James: The interoperability provided by import and export options in both Bentley and Autodesk products allows us to work with file formats furnished by a long list of vendors. File conversions allow our design teams to work in the tool sets required and still easily merge them into the central model for use by the rest of the project team.

Medhat: The use of laser scanning to create a point cloud model of the site in as-built condition was a great success for design. The laser scan point cloud files were processed using ReCap Pro and attached for viewing and clash checking in Navisworks Manage. The point cloud files were also attached directly in MicroStation and used during design.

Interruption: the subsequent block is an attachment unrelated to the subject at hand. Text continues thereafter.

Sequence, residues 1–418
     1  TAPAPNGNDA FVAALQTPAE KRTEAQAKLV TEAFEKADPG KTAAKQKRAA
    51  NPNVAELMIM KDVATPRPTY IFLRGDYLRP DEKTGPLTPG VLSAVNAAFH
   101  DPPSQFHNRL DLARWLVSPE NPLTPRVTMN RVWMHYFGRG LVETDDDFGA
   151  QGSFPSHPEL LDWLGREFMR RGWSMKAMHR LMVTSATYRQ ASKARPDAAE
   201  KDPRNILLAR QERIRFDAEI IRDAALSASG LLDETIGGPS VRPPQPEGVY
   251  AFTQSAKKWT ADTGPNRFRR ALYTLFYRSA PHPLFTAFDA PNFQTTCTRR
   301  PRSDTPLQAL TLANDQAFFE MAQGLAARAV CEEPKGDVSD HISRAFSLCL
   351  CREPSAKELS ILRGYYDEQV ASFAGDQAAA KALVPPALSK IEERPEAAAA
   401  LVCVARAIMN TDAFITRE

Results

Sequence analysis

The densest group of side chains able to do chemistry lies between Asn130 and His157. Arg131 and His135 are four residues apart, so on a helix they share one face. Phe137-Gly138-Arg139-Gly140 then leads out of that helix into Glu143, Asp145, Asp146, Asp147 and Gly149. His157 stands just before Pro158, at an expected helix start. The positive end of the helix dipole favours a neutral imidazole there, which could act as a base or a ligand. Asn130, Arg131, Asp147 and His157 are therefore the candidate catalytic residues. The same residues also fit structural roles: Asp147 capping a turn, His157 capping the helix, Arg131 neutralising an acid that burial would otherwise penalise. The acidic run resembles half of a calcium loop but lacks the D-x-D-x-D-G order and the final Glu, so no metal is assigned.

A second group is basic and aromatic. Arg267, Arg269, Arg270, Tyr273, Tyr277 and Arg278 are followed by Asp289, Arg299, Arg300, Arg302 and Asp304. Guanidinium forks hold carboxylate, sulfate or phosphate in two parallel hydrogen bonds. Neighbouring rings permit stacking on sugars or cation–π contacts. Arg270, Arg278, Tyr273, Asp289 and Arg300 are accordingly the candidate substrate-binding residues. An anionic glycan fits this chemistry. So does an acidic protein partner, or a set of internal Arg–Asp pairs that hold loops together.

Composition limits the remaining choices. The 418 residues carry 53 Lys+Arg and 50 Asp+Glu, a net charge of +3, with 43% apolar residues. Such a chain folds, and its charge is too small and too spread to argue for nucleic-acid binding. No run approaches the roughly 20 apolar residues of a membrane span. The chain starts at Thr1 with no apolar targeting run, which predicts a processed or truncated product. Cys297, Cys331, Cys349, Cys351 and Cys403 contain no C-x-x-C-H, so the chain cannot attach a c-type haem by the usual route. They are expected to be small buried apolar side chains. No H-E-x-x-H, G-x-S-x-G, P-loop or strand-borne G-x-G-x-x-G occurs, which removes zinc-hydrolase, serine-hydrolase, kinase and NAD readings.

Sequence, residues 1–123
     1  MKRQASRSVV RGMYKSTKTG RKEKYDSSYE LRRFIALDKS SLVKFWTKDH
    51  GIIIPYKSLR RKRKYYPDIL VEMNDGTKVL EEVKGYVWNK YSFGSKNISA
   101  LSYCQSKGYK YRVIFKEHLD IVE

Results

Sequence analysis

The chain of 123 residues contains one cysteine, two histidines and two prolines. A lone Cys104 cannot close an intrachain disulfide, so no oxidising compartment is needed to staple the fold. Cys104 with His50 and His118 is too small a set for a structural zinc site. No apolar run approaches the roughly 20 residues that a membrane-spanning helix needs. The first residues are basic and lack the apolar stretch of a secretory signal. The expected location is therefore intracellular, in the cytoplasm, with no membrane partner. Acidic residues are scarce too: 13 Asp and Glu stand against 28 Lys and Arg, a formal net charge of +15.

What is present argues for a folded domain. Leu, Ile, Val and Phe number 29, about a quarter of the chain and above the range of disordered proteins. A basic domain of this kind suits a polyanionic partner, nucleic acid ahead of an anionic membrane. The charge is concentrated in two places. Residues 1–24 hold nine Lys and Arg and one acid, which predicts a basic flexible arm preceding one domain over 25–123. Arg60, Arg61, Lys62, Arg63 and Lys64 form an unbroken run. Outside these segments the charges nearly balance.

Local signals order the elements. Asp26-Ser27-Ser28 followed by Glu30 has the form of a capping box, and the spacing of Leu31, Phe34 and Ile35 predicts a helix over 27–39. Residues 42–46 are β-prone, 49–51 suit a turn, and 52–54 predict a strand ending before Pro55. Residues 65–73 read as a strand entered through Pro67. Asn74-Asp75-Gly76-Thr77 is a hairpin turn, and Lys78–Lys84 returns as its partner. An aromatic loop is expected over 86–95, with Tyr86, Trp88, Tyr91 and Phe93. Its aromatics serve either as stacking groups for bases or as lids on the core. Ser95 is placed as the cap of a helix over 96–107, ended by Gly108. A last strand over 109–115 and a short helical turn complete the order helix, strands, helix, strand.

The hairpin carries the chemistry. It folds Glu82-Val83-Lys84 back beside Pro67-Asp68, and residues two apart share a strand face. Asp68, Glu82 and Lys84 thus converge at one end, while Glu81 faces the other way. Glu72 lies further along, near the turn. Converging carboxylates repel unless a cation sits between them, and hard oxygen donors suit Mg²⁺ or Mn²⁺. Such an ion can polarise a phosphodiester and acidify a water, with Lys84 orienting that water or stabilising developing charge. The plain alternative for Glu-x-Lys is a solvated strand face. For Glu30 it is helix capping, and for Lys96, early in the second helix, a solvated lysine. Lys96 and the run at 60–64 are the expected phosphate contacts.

Mark: Any advice to others that might have concerns about blended platform projects?

Vinton: One of the biggest challenges when dealing with different CAD platforms is finding tools that are flexible when importing and exporting various file formats. We’ve found that using MicroStation DGN and AutoCAD DWG as the main CAD platform provides the greatest flexibility. The use of Autodesk Navisworks Manage also handles a wide range of different file formats. The key is finding the right formats that allow the most efficient exchange of design data.

Mark: Thanks for sharing what you and your team have been doing. It is remarkable to see how today’s tools can work hand in hand to increase project delivery.